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Foam Beds vs Air Beds

When it’s time for sleep, it’s time for sanctuary. Our heads hit the pillow, we drift off into dreamy wonderland, and chalk up a much-needed recharge for the day ahead. But is that eight hours you spend sleeping hot and restless, or do you wake up with a contorted back? Is your bed throwing your mind and body out of alignment?


A third of our lives are spent sleeping, and it’s important to understand precisely what we’re all hibernating on and what’s best for our individual bodies and comfort levels. Your mattress should be replaced every eight years, and if you’re looking for a celestial upgrade, there are two types mattresses to evaluate. Let’s review these popular sleepy time apparatuses—gel memory foam beds and airbeds.


Gel Memory Foam: Cool Alignment


Memory foam mattresses took the mattress world by storm with Tempur-Pedic, a beloved (and expensive) brand that based their beds on NASA research. Memory foam is built for smart sleeping in mind with viscoelastic material, allowing your back and body to sink slowly into alignment and remain there as you slumber. Innovative companies built upon Tempur-Pedic’s tech and have found ways to offer lower-priced solutions with the same benefits. But a relatively new phenomenon is viscoelastic beds infused with gel bead technology, forging innovative gel memory foam mattresses.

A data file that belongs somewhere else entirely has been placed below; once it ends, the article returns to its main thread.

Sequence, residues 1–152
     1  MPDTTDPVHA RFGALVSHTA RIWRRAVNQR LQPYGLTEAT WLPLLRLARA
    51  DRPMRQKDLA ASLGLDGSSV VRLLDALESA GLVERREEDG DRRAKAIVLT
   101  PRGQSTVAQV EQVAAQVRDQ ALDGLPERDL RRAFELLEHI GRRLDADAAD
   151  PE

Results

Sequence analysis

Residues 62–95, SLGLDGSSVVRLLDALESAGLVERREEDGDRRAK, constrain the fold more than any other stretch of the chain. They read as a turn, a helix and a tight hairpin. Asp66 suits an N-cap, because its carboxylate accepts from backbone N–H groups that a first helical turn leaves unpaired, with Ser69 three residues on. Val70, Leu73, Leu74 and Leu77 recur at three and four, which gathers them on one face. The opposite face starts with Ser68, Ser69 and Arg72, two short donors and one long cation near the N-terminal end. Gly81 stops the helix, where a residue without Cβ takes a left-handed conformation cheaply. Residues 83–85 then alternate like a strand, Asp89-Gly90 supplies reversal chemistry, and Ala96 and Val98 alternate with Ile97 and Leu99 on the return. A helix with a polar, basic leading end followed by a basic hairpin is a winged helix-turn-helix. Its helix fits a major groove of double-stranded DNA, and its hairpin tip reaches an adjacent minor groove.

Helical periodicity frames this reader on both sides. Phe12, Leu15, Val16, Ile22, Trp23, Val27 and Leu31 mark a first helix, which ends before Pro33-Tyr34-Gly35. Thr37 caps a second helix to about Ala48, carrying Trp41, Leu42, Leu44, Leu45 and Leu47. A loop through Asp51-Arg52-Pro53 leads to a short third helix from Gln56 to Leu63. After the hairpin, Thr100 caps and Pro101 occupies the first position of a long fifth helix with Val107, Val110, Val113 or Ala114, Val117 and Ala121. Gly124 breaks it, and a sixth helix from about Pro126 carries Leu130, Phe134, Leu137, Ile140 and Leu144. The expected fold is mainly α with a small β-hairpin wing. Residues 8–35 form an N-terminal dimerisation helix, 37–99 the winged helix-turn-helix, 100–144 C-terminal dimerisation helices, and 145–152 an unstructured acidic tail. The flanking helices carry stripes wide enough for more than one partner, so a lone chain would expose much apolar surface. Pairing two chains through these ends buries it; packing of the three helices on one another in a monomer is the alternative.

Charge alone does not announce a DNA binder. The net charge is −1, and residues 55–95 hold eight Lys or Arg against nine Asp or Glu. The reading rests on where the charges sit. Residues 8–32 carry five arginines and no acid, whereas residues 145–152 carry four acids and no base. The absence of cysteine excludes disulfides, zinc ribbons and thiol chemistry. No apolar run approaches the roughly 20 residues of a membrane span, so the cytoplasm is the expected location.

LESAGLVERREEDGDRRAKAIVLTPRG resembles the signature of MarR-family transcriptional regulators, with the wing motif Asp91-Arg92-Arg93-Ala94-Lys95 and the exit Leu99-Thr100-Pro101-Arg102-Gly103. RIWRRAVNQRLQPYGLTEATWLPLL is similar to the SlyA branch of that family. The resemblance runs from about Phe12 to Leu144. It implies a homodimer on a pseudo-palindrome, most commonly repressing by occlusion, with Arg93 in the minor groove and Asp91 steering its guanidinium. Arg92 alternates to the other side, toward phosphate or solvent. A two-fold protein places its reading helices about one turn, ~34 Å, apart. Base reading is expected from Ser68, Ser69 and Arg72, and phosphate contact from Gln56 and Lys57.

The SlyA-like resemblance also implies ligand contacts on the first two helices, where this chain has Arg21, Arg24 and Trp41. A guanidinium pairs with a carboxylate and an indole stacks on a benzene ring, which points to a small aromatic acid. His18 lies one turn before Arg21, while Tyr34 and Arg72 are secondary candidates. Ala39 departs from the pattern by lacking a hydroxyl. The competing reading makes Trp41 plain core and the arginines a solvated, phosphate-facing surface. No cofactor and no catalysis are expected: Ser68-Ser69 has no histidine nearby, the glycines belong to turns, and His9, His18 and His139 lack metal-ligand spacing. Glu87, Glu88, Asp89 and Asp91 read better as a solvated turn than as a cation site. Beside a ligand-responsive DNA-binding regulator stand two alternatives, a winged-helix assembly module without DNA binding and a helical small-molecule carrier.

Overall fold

Pros of Gel Memory Foam Mattresses


Keep it Cool: For those that sleep hot, gel memory foam beds are meant to improve circulation with gel bead technology, helping to release heat that builds up as you slumber. While wicking away heat, gel beads also add to the density of the bed, adding support without being too firm.


Pressure Relief: Gel memory foam beds are constructed for comfort and spinal alignment with even support across your body. Many customers praise them as the most comfortable beds available, and they come with high user satisfaction rates.


Price: While gel memory foam mattresses can range on the expensive side, they are typically much cheaper than airbeds, latex beds, hybrid beds, or even many spring mattresses. They also last longer or as long as many of those mentioned—it depends on the density and quality of the foam being used.


Ease of Shipping and Setup: Gel memory foam beds have become increasingly easy to purchase. Many bed businesses offer bed-in-a-box strategies where gel memory foam beds are shipped directly to the customer.


Cons of Gel Memory Foam Mattresses


Longevity: Depending on the manufacturer and how the mattress was made, the gel can break down in the bed after a while, lessening the cooling effects of the mattress.


Varying Gel Levels: Manufacturers have a large part to play in the amount of gel within gel memory foam mattresses. If there isn’t enough gel in the memory foam, there will be little to no difference from a typical memory foam mattress.


Ease of Moving: Your first few nights on a memory foam mattress can seem a little awkward, as you’re meant to slowly sink into sleeping position. If you roll over, it may take the bed a moment to adhere to your shift.